caused "an all-out brawl in Parliament", protests, and the resignation
of a lawmaker in attempt to block the bill.
See also: Languages of the United States
English is the de facto national language of the United States. While
there is no official language at the federal level, 32 of the 50 U.S.
states and all six inhabited U.S. territories have designated
English as one, or the only, official language, while courts have
found that residents in the 50 states do not have a right to
government services in their preferred language. Public debate in
the last few decades has focused on whether Spanish should be
recognized by the government, or whether all business should be done
California allows people to take their driving test in the following
32 languages: Amharic, Arabic, Armenian, Chinese, Croatian, English,
French, German, Greek, Hebrew, Hindi, Hmong, Hungarian, Indonesian,
Italian, Japanese, Khmer, Korean, Laotian, Persian, Polish,
Portuguese, Punjabi, Romanian, Russian, Samoan, Spanish,
Tagalog/Filipino, Thai, Tongan, Turkish, and Vietnamese.
New York state provides voter-registration forms in the following five
languages: Bengali, Chinese, English, Korean and Spanish. The same
languages are also on ballot papers in certain parts of the state
(namely, New York City). 
See also: English-only movement
The pro-English-only website U.S. English sees a multilingual
government as one in which its "services actually encourage the growth
of linguistic enclaves...[and] contributes to racial and ethnic
conflicts". Opponents of an official language policy in the United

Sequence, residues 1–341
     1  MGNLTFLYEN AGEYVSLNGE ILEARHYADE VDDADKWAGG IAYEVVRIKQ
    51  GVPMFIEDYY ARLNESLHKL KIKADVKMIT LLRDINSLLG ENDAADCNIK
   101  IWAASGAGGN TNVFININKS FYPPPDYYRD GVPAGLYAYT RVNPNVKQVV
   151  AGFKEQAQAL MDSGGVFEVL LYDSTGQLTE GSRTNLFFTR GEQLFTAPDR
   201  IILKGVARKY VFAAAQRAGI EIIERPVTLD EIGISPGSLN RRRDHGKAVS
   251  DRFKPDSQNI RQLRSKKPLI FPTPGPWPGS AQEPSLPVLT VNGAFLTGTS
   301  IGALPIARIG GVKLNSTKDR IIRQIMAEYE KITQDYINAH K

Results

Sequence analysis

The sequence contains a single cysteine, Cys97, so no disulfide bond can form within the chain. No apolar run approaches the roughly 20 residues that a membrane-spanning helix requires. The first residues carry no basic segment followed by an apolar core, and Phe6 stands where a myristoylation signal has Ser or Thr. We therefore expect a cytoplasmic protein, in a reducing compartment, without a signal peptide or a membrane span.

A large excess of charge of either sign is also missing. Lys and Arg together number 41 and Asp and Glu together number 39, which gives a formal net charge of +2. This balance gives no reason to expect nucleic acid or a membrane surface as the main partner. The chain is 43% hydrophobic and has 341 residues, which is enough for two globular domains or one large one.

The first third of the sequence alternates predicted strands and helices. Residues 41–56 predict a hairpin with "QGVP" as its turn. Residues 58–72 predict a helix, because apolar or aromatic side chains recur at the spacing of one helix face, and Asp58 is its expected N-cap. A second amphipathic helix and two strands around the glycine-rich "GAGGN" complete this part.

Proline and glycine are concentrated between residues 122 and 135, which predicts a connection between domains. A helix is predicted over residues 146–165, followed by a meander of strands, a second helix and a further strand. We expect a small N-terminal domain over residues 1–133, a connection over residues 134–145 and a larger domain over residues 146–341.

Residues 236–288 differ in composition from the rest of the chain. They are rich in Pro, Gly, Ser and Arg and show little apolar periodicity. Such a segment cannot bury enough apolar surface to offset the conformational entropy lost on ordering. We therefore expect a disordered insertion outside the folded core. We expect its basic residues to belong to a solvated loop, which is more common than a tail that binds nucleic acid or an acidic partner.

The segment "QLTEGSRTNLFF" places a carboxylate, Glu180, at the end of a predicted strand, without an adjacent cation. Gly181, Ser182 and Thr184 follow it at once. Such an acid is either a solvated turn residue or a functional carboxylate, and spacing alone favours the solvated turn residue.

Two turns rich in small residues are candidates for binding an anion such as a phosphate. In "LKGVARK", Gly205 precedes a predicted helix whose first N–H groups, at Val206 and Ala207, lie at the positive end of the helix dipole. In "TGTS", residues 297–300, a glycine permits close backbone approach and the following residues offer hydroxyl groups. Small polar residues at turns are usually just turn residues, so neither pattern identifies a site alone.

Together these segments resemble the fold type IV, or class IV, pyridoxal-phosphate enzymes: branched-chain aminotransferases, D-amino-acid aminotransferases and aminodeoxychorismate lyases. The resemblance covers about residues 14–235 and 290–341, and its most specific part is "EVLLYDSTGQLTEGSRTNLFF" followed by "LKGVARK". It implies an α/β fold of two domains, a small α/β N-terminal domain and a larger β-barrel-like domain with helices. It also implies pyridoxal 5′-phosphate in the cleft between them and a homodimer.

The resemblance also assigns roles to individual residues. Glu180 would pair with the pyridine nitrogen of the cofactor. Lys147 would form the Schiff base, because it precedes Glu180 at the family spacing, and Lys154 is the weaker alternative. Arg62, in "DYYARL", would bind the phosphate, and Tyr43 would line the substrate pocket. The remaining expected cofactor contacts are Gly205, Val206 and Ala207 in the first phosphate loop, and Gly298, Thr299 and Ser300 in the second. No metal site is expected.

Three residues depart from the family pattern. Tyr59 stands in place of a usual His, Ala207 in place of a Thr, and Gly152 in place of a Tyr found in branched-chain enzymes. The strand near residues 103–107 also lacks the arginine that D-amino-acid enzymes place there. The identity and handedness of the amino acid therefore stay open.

States argue that it would hamper "the government's ability to reach
out, communicate, and warn people in the event of a natural or
man-made disaster such as a hurricane, pandemic, or...another
terrorist attack". Professor of politics Alan Patten argues that
disengagement (officially ignoring the issue) works well in religious
issues but that it is not possible with language issues because it
must offer public services in some language. Even if it makes a
conscious effort not to establish an official language, a de facto
official language, or the "national language", will nevertheless
emerge. Indeed, two-thirds of Americans believe that English is
the United States' official language.
Sometimes an official language definition can be motivated more by
national identity than by linguistic concerns. When Yugoslavia
dissolved in 1991, the country had four official
languages—Serbo-Croatian, Slovene, Albanian and Macedonian.
Serbo-Croatian was used as a lingua franca for mutual understanding
and was also the language of the military.
Croatia declared independence (1991) it defined its official
language as Croatian, and
Serbia likewise defined[when?] its official
language as Serbian.
Bosnia-Herzegovina defined three official
languages: Bosnian, Croatian, and Serbian. The different "languages"
are mutually intelligible and linguists see them more as dialects of
Serbo-Croat rather than as distinct languages.
Critics allege that the Bosnian government chose to define three
languages to reinforce ethnic differences and keep the country
divided. The language used in Montenegro, traditionally considered
a dialect of Serbian, became standardized as the Montenegrin language
upon Montenegro's declaration (2006) of independence.
List of official languages by state
List of official languages by institution
List of languages without official status
Medium of instruction
^ "Official Language", Concise Oxford Companion to the English
Language, Ed. Tom McArthur, Oxford University Press, 1998.
^ The Status of Languages in Puerto Rico. Luis Muñiz-Arguelles.
University of Puerto Rico. 1986. Page 466. Retrieved 23 November 2012.